Wednesday, January 14, 2015

You're Never Too Old For Romance



To read this story from the beginning, please go HERE
This is a work of fiction based on a true story.... 

I was thrilled; the green dress fit me even better than I'd remembered, and my mom bought me a glass bead necklace that hung just above my collarbones. The lace bodice of my dress dipped in the front, showing just enough skin. With all of these adornments and my hair swirled high in a French twist, I couldn't stop smiling. Bright cherry lips shone back at me in the mirror, an extravagant contrast from the green hues in my dress and eyes. I blinked at my reflection; it was the first time I'd felt pretty in years.
    The gold earrings' backs slid easily into place. Finally, I brushed some smoky eyeshadow onto my eyelids, lengthened my lashes with "midnight" mascara and called it good.
    I was ready, a half hour early, and there was nothing to do. So I stared at the gift my kids had helped me make for Mark. Before leaving with their father earlier that day, they had insisted that I needed to give Mark a meaningful Valentine's gift from all of us.
    "What in the heck should I give him?" I asked my twelve-year-old daughter. We didn't have much money. And what if he didn't have a gift for me? Wouldn't that make him feel awkward…or make me look presumptuous?
    "Make him a candy gram with candy bars," my oldest daughter said.
    "Yeah," my second oldest agreed with her sister. "If you buy a poster and some candy bars, we'll help you make sentences with them."
    "O…kay," I whispered nervously.
    All four of my kids had been so darling, writing the words and erasing them several times.
    I grinned from the memory and read the candy gram as I waited for Mark to pick me up for the symphony.

 photo candygram_zps967c96fb.jpg

     Just as I finished reading the poster, I spied Mark's red truck from the corner of my eye. As he pulled into my driveway, my stomach flew into my chest. I hadn't been this nervous since Prom!
Hiding from view as much as possible, I peeked out the window. Mark jumped from his truck and immediately began dusting off his suit-pants. Damn—he cleaned up nice! I nearly had to pick my jaw up off the floor as I watched him jolt to the other side of his truck and open the passenger door. He was gorgeous, with a recently trimmed beard and a new haircut. The long-sleeved dress shirt and matching checkered vest fit him snugly, showing off his muscles even from a distance.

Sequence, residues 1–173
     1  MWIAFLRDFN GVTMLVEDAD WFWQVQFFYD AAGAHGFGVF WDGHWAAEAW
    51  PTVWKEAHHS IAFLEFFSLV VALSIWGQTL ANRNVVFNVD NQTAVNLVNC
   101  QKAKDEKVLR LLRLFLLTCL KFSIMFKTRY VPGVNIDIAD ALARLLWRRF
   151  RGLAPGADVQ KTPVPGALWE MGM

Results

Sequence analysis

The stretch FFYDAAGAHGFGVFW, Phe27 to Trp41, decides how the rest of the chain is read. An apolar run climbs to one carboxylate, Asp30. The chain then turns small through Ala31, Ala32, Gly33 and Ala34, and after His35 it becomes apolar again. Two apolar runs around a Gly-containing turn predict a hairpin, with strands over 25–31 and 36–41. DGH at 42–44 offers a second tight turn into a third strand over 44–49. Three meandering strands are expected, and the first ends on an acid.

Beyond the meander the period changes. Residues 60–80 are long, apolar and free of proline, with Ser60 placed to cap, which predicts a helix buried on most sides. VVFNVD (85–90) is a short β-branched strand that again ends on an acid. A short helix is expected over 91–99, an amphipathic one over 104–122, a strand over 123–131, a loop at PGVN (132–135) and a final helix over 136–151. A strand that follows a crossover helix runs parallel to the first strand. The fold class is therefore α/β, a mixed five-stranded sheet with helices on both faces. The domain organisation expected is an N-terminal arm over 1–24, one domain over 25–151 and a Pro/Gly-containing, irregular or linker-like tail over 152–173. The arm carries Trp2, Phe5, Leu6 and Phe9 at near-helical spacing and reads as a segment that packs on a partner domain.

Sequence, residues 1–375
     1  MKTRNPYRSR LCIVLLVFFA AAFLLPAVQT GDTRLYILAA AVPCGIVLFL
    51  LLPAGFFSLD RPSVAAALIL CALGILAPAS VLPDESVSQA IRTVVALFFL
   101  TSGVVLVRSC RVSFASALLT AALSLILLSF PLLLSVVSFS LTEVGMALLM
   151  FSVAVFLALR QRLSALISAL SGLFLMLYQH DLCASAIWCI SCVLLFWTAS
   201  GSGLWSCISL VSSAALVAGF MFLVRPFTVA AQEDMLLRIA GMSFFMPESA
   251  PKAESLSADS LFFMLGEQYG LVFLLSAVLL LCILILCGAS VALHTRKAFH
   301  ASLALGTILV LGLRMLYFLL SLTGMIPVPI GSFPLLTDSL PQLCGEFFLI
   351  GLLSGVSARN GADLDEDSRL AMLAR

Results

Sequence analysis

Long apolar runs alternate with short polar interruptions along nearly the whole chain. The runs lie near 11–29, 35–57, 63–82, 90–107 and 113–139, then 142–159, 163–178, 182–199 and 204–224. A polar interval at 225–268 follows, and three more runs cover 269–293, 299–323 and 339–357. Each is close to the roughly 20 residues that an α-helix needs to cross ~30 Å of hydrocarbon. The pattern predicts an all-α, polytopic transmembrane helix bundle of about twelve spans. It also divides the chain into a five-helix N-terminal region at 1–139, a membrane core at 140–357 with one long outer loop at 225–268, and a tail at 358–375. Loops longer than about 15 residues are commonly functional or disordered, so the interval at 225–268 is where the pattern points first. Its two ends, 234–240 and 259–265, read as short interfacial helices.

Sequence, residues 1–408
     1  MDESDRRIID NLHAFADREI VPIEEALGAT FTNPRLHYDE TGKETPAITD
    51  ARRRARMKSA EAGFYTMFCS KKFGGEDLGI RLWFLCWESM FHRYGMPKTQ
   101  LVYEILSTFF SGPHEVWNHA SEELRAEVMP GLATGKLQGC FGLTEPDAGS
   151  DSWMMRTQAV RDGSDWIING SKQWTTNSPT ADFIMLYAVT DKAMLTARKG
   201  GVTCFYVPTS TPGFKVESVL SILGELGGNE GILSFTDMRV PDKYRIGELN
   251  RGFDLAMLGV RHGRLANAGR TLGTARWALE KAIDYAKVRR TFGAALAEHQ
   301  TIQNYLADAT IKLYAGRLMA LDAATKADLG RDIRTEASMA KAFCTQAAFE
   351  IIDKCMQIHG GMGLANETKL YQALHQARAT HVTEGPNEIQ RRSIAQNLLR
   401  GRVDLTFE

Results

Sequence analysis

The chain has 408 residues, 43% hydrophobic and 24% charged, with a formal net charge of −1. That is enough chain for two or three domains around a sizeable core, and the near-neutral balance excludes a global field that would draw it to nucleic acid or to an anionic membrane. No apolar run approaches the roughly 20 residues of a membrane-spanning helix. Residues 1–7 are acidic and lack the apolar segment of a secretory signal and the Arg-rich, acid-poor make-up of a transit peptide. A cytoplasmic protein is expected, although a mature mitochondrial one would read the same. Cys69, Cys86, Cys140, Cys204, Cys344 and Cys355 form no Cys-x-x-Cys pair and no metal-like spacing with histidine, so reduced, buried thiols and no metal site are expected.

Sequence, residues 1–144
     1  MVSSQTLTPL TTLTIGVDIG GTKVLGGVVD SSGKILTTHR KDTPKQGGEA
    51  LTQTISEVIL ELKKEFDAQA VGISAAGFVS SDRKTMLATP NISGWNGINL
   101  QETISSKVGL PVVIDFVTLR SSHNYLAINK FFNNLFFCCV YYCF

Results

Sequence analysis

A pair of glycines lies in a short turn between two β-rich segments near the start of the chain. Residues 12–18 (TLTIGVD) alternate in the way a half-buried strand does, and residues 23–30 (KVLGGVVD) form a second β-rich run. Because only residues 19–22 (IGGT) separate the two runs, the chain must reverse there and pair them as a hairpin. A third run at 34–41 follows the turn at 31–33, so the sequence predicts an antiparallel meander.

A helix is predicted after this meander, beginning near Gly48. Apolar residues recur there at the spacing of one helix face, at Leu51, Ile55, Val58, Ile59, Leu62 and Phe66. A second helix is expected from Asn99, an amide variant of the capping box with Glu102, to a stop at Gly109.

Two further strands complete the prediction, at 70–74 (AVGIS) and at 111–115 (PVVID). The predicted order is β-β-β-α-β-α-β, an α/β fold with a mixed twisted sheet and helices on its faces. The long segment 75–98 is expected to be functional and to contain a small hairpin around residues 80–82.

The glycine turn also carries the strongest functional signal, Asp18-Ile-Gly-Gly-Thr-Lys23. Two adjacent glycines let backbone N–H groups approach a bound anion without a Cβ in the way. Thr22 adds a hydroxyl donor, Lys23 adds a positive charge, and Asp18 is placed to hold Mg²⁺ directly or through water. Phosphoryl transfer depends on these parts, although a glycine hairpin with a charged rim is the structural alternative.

I'd never in my life swooned over a man quite like this, especially when I saw what he pulled from the side of his truck.
    Mark held the most beautiful bouquet of purple lilies. He smelled them momentarily before shutting the door awkwardly and pacing, as nervous as I was. The scene was suddenly quite endearing; I giggled watching him and wondered, had he worried about his outfit like I'd worried about mine?
    He rang my doorbell seconds after this and I rushed to the couch, playing nonchalant. I slowly rose and sauntered to the door. 
    "Mark!" my voice chirped. "Thank you!" I whisked the flowers away and put them in a vase. "The kids and I made this for you."
    He smiled reading the candy gram. "I give you skittles, huh?"
    "Don't put too much stock into that!"
    Then we were out the door, and within moments, driving to our destination in Salt Lake City.
    We talked about anything from religion to spud guns. "So you've shot a spud gun?" he asked.
    "Hell, I made one!" It seemed like there were so many things we'd never discussed before—and it was all so new. I couldn't wait to hear more about his interests and what he'd done as a child. I wanted to learn more about his family and their heritage.
    I was just thinking about how this was turning into an extraordinary Valentine's Day when my phone dinged, notifying me of a new text message.
    "Do you mind if I get this quick?" I asked. "It might be one of my kids."